If Daniel is rejected because of miracles such as the three boys in midst of the fire (Daniel 3), The hand writing on the wall (Chapter 5),Daniel in the lions’ den (chapter 6) and the appearance of angels, (Chapters 8,9,10,11,12), then all of scripture must be rejected. This is the point and presuppositions of the critics, to deny the existence and possibility of the super natural.


4. Textual problems

Critics of Daniel focus on the Aramaic and Hebrew divisions of Daniel, claiming the text was tampered with by late date redactors, who changed the contents.  Robert Dick Wilson an expert authority on Aramaic comments on the Aramaic in the book of Daniel,

We claim, however, that the composite Aramaic of Daniel agrees in almost every particular of orthography, etymoloty and syntax, with the Aramaic of the North Sem inscriptions of the 9th, 8th and 7th centuries BC and of the Eypt papyri of the 5th cent. BC, and that the vocabulary of Daniel has an admixture of Hebrew, Babylonian and Persian words similar to that of the papyri of the 5th century BC; whereas, it differs in composition form the Aramaic of the Nabateans, which is devoid of Persian, Hebrew and Babylonian words, and is full of Arabisms, and also from that of the Palmyrenes, which is full of Greek words, while having but one or two Persian words and no Hebrew or Babylonian.[5]

5. Problems of language

Greek and Persian words found in Daniel have been used as evidence for a late dating of the book of Daniel.  Critics claim these words were not a common part of Assyrian and Babylonian language and prove Daniel was written in the Maccabean period.

This argument is no longer valid in light of archeological discoveries. One hundred before Daniel, Greeks served as mercenaries in the Assyrian armies under the command of Esarhaddon (683 B.C.) as well as in the Babylonian army of Nebuchadnezzar.[6]

Persia was the successor of the Babylonians and Daniel rose to the rank of Prime minister.  Daniel would have been familiar with the language before and after this event.  Diplomatic and economic relations between Persian speaks and Babylonians would be expected, and the borrowing of words from one culture to another is very common.


6. Alleged historical inaccuracies


The historical accuracy of Daniel is another point of attack by the critics. They claim, because Daniel was written in 2nd century his grasp of Babylonian and Persian history is lacking.  Daniel has repeatedly proved the critics wrong.  Here are two examples of how the accuracy of Daniel is demonstrated in Archeology.

For example, Daniel chapter 5 has Belshazzar as the King of Babylon, this has often been disputed by the critics. The discovery of the Nabonidus Chronicle provided an precise explanation that a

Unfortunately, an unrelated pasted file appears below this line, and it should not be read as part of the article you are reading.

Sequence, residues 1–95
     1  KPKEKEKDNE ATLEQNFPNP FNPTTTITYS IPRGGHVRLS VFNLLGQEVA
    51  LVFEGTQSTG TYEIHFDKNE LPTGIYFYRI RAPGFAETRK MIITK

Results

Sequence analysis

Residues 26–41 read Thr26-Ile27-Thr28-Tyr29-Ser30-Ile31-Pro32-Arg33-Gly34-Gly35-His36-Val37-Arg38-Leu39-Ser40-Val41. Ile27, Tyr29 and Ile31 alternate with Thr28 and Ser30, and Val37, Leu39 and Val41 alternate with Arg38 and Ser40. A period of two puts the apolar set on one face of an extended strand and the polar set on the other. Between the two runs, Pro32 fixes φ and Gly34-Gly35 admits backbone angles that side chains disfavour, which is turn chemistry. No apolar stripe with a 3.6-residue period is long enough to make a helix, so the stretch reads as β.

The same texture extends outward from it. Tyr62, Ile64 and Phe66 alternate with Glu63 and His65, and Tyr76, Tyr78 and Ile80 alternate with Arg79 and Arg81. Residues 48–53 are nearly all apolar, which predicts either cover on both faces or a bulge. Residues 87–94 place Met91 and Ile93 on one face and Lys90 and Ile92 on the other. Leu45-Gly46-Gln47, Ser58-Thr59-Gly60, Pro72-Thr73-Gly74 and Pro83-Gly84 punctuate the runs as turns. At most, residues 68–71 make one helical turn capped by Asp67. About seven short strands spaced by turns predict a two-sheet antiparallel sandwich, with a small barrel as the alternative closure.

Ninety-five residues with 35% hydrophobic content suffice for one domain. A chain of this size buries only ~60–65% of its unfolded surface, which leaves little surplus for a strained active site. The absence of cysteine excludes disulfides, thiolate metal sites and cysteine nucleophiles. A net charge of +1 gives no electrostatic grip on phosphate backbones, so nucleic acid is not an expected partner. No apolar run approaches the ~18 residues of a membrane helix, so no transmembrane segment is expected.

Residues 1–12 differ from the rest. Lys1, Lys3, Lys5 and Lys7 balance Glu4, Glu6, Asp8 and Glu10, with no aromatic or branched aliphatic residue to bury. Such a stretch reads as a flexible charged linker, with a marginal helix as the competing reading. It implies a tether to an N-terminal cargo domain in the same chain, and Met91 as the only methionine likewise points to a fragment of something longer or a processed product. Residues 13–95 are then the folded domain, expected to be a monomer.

Babylonian ChronicleThe Babylonian Chronicle
This clay tablet is a Babylonian chronicle recording events from 605-594 BC. It was first translated in 1956 and is now in the British Museum. The cuneiform text on this clay tablet tells, among other things

3 main events:1 The Battle of Carchemish (famous battle for world supremacy where Nebuchadnezzar of Babylon defeated Pharaoh Necho of Egypt, 605 BC.),2 The Accession to the Throne of Nebuchadnezzar II, the Chaldean, 3. Capture of Jerusalem on the 16th of March, 598 BC.

greed with Daniel’s account of the situation in Babylon.

Secular history says Nabonidus was the King of Babylon, Daniel says Belshazzar was king. Critics pointed to this, saying Daniel is in error, this changed as a result of the discovery of the Nabonidus Chronicle.  Sir Henry Rawlinson discovered a cylinder with an inscription in the Euphrates River which cleared the confusion about the King of Babylon.

There were two kings of Babylon in Daniel’s day, a father and son. The father Nabonidus installed his son Belshazzar as co-regent, Nabonidus spent much of his time in Arabia.  When the Persians conquered the city in 539 B.C. Belshazzar was killed.  Nabonidus was later captured and sent to exile.  This explained the promise made to Daniel in Daniel 5:29, after Daniel explained the meaning of the writing on the wall, Behshazzar promised to make him third ruler.


29 Then Belshazzar gave the command, and they clothed Daniel with purple and put a chain of gold around his neck, and made a proclamation concerning him that he should be the third ruler in the kingdom.

Daniel 5:29


Asphenaz, is mentioned in the first chapter of Daniel as master of the Eunuchs. The critics claim no such person ever existed. Recent discoveries again proved the accuracy of the book of Daniel.  Asphenaz name has been found on monuments of ancient Babylon which are now in the Berlin Museum. The Babylonian monument had the following statement, “Ashpenaz, master of eunuchs in the time of Nebuchadnezzar”


[1] The Christian Old Testament has the same books number of books in the Jewish Bible or Tanach, the placement is based on the order in the Septuagint. 

[2] Jerome’s Commentary on Daniel, quoted from Daniel Key to Prophetic Revelation, John F. Walvoord, Moody Press, 1971, Chicago.

[3] Historical-Criticism: literary criticism in the light of historical evidence or based on the context in which a work was written, including facts about the author's life and the historical and social circumstances of the time.

[4] Daniel: Key to Bible Prophecy, John F. Walvoord, Moody Press, 1971, Chicago Pg. 18, quoting Thomas S. Kepler, Dreams of the Future, pp. 32-33

[5] Ibid, pg. 22 quoting from Robert Dick Wilson, “The Aramaic of Daniel”, in Biblical and Theological Studies, pg. 296